AUCKLAND - The Indonesian media is contributing to resentment and racism toward Papuans, according to a human rights researcher and former journalist.

Andreas Harsono of Human Rights Watch Jakarta told Pacific Media Watch many Indonesian journalists either view Papuans as enemy "separatists" or deviants and their reporting tends to convey these stereotypes.

Papuan anger has erupted in widespread riots and rallies across Indonesia over the last week, after a militia attacked West Papuan students in Surabaya, pelting them with stones and calling them “monkeys”.

Harsono, who is in New Zealand promoting his latest book ‘Race, Islam and Power’, says the manner in which the media reported the attacks has created further anti-Papuan resentment which in turn sparked a backlash from the West Papuans themselves.

“The attack was reported by the media, videoed by the media, but it raised anger back home, now almost 30 cities are having rallies protesting against the use of the word ‘monkey’ for this Papuan people."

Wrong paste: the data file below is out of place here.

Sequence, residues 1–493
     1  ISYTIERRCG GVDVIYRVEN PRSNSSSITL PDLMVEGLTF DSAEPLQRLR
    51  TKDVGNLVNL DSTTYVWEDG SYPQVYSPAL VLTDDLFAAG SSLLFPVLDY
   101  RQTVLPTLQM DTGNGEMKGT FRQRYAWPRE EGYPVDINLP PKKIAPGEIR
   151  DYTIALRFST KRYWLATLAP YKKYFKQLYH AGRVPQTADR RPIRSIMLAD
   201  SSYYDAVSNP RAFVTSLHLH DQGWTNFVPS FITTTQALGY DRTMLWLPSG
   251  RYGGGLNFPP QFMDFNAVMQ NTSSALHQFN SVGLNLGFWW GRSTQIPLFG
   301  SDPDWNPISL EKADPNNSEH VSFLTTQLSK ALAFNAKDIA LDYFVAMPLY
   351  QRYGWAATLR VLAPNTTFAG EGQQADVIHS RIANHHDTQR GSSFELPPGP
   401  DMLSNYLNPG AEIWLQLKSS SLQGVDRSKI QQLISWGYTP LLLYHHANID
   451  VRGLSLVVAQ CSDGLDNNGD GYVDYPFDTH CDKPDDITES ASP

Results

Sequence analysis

Continue reading "Indonesian journalists are 'bought, broken & soul searching'" »


Journalists unite against ‘unacceptable’ EMTV sacking

Neville Choi
Neville Choi - regarded as a good leader and a down-to-earth journalist who does his job and has been very loyal to his employers at EMTV

MICHAEL ANDREW | Asia Pacific Report/Pacific Media Watch

AUCKLAND - Journalists across Papua New Guinea have spoken out in support of EMTV news director Neville Choi after his “unacceptable” termination from a role he had held for six years.

Choi was reinstated by EMTV on Wednesday in the wake of the protests.

A public statement released on Monday had listed the reasons for his termination, one of which was his refusal to ‘bury’ a February 2019 story about the PNG Defence Force pay strike outside the prime minister’s office.

However, EMTV deputy head of news, Scott Waide, told Pacific Media Watch the news was broadcast because it was balanced and the fallout had already been resolved internally.

“Neville did his job as head of news and a journalist. He took both sides of the story and we ran it on EMTV news,” said Waide.

Continue reading "Journalists unite against ‘unacceptable’ EMTV sacking" »


A policeman’s story: tackling symptoms but not causes in PNG

Police-gunsPHIL FITZPATRICK

Man bilong polis: life and times with the Royal Papua New Guinea Constabulary 1982 to 1991 by Douglas Ranmuthugala, unpublished manuscript, 2013. 288 pages, ISBN 9780992389000